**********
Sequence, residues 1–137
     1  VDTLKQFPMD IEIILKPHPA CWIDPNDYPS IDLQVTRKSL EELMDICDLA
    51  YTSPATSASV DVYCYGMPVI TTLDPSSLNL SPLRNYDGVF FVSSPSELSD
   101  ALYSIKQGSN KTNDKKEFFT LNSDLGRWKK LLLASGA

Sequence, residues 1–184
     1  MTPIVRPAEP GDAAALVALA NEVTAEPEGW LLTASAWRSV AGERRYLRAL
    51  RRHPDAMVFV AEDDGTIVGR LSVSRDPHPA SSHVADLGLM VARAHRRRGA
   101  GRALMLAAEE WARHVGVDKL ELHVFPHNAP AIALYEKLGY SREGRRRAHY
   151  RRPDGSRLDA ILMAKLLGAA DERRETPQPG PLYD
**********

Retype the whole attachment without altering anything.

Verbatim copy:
Sequence, residues 1–137
     1  VDTLKQFPMD IEIILKPHPA CWIDPNDYPS IDLQVTRKSL EELMDICDLA
    51  YTSPATSASV DVYCYGMPVI TTLDPSSLNL SPLRNYDGVF FVSSPSELSD
   101  ALYSIKQGSN KTNDKKEFFT LNSDLGRWKK LLLASGA

Sequence, residues 1–184
     1  MTPIVRPAEP GDAAALVALA NEVTAEPEGW LLTASAWRSV AGERRYLRAL
    51  RRHPDAMVFV AEDDGTIVGR LSVSRDPHPA SSHVADLGLM VARAHRRRGA
   101  GRALMLAAEE WARHVGVDKL ELHVFPHNAP AIALYEKLGY SREGRRRAHY
   151  RRPDGSRLDA ILMAKLLGAA DERRETPQPG PLYD